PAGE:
10. heirophant

    heirophant Well-Known Member

    If I was going to choose a nonaccredited degree program, I'd look at its curriculum and its faculty listing. Does it teach subjects that I want to study, does it take an approach to its subject that I'm comfortable with, and does it offer me the opportunity to study with professors I've heard of and respect? I'd also want to make sure that the named professors really do teach classes for the school and acknowledge their association with it.

    I'd also investigate the school's reputation in its field. Particularly if it offers doctoral programs, does it show any signs of productive scholarship? Does it generate any favorable comment from respected organizations and professionals in the subjects it teaches?

    I wouldn't weight ASIC accreditation very highly and would likely consider it a negative.

    The relevant British accreditation in those cases would seem to be accreditation of the degree-awarding university and its remote-site 'validation' arrangement by the Quality Assurance Agency for Higher Education (QAA). I don't know what additional value ASIC accreditation would add to that.

    Where ASIC accreditation might be more relevant is if somebody wants to travel to Britain to enroll in some non-university-level vocational diploma course. ASIC accreditation might simplify getting a student visa in order to do that and it might tell us something (it's unclear how much) about the program's academic credibility. I would give it some weight in that kind of situation.
  11. Johann

    Johann Well-Known Member rang? :smile:

    Two things. I'm not suggesting either is that important.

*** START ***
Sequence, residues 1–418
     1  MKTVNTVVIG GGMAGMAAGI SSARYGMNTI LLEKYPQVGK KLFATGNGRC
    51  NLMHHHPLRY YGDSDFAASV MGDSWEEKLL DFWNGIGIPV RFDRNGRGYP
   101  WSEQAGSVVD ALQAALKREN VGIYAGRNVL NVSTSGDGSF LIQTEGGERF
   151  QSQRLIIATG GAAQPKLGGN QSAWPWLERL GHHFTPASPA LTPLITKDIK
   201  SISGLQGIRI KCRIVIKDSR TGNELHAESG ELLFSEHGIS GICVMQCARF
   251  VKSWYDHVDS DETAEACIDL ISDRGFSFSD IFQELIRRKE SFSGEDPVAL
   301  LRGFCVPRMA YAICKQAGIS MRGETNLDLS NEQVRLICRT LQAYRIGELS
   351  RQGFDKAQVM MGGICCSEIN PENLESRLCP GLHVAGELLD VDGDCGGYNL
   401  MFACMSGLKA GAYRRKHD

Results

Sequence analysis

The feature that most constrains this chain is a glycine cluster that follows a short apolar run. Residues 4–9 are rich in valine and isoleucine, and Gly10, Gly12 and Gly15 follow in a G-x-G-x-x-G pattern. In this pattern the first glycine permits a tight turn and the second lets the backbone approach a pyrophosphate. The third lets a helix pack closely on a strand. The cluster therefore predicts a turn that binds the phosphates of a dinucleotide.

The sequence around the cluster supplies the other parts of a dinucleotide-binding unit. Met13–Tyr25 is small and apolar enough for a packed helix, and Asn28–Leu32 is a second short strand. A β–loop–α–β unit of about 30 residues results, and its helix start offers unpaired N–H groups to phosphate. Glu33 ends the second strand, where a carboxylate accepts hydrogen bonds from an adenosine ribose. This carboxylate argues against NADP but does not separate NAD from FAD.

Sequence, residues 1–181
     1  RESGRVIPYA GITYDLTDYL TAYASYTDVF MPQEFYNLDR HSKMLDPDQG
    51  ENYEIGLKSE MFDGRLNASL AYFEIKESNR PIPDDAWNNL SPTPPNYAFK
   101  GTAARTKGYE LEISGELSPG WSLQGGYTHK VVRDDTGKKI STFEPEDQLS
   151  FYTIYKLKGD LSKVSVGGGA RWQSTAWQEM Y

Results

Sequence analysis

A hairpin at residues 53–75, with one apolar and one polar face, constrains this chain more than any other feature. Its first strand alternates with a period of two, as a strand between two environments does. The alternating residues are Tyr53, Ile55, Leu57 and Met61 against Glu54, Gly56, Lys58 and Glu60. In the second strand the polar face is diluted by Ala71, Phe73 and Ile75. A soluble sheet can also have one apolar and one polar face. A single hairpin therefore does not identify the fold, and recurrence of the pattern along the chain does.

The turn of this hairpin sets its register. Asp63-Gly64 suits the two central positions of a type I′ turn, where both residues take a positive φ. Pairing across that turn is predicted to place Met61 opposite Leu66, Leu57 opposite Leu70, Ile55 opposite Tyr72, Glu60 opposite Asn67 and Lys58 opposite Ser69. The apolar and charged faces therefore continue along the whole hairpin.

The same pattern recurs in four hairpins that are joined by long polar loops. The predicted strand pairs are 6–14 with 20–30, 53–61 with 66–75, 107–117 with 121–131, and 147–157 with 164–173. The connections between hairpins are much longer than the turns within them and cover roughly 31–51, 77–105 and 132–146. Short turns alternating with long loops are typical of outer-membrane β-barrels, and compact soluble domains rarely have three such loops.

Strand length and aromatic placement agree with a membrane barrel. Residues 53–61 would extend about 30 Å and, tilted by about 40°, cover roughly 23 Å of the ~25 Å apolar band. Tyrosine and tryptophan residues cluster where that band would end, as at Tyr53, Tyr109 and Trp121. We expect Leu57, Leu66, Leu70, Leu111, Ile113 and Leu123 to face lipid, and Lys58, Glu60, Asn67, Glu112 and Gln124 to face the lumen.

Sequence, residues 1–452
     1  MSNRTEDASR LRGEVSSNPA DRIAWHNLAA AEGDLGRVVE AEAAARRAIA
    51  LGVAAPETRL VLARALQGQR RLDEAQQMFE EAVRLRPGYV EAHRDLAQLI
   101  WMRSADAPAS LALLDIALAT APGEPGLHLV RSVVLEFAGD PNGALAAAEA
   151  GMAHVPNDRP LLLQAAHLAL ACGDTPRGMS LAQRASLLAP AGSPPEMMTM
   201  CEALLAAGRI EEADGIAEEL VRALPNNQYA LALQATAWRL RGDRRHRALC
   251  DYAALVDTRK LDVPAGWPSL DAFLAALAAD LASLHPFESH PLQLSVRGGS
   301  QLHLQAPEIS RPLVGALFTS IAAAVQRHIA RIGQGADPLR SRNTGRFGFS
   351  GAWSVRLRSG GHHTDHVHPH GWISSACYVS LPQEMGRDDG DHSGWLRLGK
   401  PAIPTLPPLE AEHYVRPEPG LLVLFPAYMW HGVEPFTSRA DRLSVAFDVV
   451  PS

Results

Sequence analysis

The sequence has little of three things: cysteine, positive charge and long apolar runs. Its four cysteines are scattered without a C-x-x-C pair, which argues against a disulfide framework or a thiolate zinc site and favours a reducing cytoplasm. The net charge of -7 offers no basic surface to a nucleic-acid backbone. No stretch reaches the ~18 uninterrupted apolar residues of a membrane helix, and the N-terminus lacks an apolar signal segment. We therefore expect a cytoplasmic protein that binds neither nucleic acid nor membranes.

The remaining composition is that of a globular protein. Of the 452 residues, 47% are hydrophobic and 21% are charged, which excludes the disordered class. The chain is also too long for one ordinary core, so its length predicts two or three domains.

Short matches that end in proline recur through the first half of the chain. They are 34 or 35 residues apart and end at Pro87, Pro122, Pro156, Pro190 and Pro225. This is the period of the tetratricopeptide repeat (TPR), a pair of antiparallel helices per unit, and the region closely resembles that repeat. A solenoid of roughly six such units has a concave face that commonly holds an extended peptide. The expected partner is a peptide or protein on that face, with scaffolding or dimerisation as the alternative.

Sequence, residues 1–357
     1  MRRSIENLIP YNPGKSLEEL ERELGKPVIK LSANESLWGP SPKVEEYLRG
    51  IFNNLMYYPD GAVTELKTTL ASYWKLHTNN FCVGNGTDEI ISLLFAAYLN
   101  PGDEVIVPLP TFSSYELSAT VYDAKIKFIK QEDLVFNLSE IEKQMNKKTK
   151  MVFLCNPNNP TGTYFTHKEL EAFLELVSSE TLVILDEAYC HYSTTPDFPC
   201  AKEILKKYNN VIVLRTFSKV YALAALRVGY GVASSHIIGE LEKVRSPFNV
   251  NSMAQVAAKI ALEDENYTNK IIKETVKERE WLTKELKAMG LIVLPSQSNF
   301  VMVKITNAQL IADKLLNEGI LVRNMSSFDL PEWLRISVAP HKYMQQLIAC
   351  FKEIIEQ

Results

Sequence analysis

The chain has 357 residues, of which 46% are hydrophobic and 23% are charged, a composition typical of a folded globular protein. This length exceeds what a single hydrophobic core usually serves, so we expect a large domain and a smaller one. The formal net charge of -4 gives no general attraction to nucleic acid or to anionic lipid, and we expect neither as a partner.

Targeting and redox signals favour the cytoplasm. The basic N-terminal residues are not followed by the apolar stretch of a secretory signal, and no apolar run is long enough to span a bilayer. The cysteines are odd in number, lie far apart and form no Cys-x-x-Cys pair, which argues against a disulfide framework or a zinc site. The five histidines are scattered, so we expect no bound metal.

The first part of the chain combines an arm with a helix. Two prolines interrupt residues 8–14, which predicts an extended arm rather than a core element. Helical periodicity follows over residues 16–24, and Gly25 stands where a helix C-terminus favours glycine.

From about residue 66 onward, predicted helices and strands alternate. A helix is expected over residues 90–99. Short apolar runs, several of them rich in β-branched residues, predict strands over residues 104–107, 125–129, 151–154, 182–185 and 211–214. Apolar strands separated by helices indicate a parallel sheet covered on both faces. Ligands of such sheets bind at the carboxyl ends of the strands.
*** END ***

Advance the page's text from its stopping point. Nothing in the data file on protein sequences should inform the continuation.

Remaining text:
Horizons is in France. However, much like the Swiss situation, it can legally offer degrees but they do not have mainstream French Government recognition. A French poster kindly confirmed that for us. Up to the beholder what recognition, if any, is given.

    Right - ASIC never accredited Almeda. They did accredit Paramount California U. which imploded - but that was later. IIRC, a school that did turn out to be a cyber-mill, called Orlando University flew the ASIC flag - but only for a brief while - in 2013 or 2014. It was at www-orlandouniversity-dot-com and you can still pull it up via the wayback machine now. Not to be confused with the unaccredited-but-legit-appearing Orlando University at homepage

    I don't think U-of-Orlando-God-Knows-Where had the ASIC sticker for more than a few weeks and I'm pretty sure (but not positive) I checked ASIC's list to make sure the ASIC entry wasn't just improperly used by the bogus school. My guess is ASIC didn't take long to remedy a mistake. Sticker all gone. If ASIC actually accredited this school (and in absence of contrary evidence I think they did) then I wonder where the site visit took place. I never did find a terrestrial location for this school. Could have been Pakistan, Moldova or Los Angeles for all I know.